If you would like order hard copies, please contact Linda Pentz Gunter at 301.270.2209 or Please specify which booklet you want and how many of each and be sure to include your mailing address if you are not already on our database.


California wildfire could be spreading radioactive contamination from cold war site.

The Woolsey fire's suspected (not yet confirmed) starting point, about 1000 yards from the 1959 reactor meltdownPlease sign the petition. Listen to Nuclear Hotseat episode #386.

For decades the community around Santa Susanna Field Laboratory (SSFL), just north of Los Angeles, California, asked that the site be cleaned of chemical and radioactive contamination. Now it may be too late to contain it. The Woolsey fire, which evidence indicates started at SSFL, continues to devastate California. It could also be carrying pollution from the former research site to other areas.

Scientists at SSFL experimented with new rocket, weapons and nuclear reactor technologies, leaving a dangerous legacy of environmental contamination, including releases from a reactor meltdown at the site in 1959. Surrounding suburban communities have experienced elevated cancer rates.

Community members are now asking the California Department of Toxic Substance Control (DTSC) to warn the public and fire fighters that smoke from the fire could be carrying radioactive particles from the site. The DTSC still denies any danger but they refuse to make public methods used, and results of, any testing they have done. If you live within 25 miles of SSFL, contact Fairewinds for information on testing dust in your house for radiation.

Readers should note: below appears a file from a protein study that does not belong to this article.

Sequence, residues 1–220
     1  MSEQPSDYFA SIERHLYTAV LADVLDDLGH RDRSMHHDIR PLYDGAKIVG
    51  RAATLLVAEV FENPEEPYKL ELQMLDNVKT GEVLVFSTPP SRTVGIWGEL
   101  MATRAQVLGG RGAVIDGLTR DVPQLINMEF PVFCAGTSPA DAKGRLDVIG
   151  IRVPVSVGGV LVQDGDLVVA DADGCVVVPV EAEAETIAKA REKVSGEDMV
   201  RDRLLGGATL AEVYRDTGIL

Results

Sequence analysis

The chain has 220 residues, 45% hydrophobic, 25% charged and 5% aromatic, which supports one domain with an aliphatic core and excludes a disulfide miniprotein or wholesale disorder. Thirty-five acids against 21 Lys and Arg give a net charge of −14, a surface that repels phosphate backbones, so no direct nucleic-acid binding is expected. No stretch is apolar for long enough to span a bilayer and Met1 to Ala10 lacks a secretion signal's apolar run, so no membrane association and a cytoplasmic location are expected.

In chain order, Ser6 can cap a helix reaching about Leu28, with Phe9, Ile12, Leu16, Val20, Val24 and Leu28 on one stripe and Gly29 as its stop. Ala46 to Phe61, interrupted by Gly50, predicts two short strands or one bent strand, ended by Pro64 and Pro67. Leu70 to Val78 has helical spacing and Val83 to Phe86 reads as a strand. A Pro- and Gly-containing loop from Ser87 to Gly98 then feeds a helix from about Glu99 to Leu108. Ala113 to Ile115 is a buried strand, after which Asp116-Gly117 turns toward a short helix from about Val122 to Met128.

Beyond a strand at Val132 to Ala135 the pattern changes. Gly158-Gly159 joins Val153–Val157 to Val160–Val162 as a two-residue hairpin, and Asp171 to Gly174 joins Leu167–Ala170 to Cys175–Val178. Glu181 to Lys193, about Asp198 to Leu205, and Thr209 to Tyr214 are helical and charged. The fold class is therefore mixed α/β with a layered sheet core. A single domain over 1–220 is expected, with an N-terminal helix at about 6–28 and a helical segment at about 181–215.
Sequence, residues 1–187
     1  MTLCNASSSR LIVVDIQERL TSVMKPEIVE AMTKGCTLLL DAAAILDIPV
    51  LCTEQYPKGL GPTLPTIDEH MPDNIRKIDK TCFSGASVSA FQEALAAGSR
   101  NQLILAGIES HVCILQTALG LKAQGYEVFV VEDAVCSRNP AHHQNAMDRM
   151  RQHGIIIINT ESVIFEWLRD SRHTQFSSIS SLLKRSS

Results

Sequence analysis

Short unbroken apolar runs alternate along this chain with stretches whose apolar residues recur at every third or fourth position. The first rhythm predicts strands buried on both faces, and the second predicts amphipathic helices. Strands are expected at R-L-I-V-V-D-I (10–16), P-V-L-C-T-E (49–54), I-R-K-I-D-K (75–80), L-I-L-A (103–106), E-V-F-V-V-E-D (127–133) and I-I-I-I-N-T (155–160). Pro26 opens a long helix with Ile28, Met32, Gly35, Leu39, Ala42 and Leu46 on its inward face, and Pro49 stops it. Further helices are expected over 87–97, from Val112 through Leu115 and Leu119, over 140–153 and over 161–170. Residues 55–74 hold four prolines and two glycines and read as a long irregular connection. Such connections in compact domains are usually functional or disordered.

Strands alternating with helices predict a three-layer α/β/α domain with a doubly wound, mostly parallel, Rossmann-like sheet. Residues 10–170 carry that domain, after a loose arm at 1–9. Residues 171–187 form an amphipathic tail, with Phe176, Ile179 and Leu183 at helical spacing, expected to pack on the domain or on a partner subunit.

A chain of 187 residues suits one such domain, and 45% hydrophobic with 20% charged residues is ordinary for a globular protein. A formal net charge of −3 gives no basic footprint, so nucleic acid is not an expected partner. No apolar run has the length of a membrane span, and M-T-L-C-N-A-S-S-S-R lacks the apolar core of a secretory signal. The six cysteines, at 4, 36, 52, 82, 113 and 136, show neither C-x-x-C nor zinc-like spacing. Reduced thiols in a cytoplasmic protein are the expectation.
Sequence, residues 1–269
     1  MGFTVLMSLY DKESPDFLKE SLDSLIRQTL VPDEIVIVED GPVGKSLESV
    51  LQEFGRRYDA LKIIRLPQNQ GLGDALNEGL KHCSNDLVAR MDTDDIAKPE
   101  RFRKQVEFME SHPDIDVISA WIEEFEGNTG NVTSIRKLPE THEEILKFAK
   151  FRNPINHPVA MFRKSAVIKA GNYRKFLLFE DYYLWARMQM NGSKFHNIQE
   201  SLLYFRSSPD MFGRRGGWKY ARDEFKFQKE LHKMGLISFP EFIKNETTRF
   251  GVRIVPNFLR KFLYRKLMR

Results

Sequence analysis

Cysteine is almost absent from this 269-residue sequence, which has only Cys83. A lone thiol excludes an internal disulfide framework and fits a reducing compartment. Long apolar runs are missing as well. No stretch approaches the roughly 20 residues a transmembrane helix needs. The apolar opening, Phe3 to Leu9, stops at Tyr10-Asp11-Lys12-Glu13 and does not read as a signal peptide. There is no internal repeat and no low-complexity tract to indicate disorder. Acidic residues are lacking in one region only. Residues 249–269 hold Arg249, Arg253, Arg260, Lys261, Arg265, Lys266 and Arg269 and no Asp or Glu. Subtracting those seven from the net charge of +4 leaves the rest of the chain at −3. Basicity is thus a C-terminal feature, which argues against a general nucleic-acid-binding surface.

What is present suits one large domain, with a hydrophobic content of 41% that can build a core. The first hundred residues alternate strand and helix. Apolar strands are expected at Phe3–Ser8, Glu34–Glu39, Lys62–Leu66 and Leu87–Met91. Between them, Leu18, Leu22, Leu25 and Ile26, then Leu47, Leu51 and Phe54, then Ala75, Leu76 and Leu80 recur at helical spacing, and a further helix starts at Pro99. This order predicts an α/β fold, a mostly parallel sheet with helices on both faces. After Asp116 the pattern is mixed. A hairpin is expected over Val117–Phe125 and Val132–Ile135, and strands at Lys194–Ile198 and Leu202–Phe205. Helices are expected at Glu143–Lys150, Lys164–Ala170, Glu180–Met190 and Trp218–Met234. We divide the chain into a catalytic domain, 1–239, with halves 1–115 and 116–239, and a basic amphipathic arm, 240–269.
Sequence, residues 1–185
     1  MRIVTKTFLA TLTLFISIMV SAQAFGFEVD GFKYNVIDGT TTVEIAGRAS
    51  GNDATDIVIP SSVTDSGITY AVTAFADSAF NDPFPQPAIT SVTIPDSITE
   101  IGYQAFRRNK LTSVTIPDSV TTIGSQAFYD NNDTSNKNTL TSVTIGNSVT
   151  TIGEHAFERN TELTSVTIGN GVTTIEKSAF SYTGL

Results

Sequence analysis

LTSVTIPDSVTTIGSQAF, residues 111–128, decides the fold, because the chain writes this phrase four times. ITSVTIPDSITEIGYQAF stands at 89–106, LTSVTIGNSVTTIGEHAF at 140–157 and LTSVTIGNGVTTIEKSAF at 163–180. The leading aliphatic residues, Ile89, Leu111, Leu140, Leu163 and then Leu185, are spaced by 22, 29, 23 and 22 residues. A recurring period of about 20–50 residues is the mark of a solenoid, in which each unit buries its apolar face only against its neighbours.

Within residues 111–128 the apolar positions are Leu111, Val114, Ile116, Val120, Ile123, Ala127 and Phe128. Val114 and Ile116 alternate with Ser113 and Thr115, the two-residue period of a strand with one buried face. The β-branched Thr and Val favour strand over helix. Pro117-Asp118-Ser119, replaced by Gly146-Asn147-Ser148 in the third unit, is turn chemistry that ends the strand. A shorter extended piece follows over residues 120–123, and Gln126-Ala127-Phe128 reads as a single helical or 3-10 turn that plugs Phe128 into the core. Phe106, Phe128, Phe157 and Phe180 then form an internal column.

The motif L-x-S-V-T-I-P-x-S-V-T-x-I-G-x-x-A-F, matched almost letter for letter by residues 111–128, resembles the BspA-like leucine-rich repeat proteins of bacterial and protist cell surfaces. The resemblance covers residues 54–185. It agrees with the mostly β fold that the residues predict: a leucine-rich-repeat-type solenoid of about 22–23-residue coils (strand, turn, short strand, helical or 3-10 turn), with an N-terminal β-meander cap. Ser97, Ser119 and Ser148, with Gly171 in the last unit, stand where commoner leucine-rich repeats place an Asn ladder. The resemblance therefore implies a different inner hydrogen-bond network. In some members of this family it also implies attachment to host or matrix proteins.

Wildfires have spread radionuclides from areas contaminated by the 1986 Chernobyl nuclear reactor meltdown, demonstrating the danger contaminated sites, like SSFL, continue to pose, particularly given the growing impact of climate change on the frequency and intensity of wildfires. This is an unfolding story.


After mass desertions, Toshiba cancels its own nuclear project

First it was UK's SSE that headed for the exit. Then it was Spain's Ibderola who bolted. After that France's GDF Suez (renamed Engie) bowed out. Then KEPCO briefly entered and left. And today, Toshiba, the owner of the ill-fated nuclear power project in Cumbria, England, from which all companies fled, has shown itself the door.

Toshiba today announced it was canceling plans for what was originally intended to be a new three-reactor project in England's northwest. Not surprisingly, the company cited the unappetizing financial burden of nuclear power for the demise of the project, which had long been anticipated to fail.

'“After considering the additional costs entailed in continuing to operate NuGen, Toshiba recognizes that the economically rational decision is to withdraw from the project,” Toshiba said in a statement.

Toshiba's NuGen consortium, left with a membership of one -- Toshiba -- was to have managed the project. Perhaps Toshiba should have erected a sign saying "abandon hope all ye who enter here." Instead, they allowed their sign (left, photographed in 2017), to become overgrown with weeds, a portend of the collapse to come.

Read more details about the end of the NuGen project here at Cumbrians Opposed to a Radioactive Environment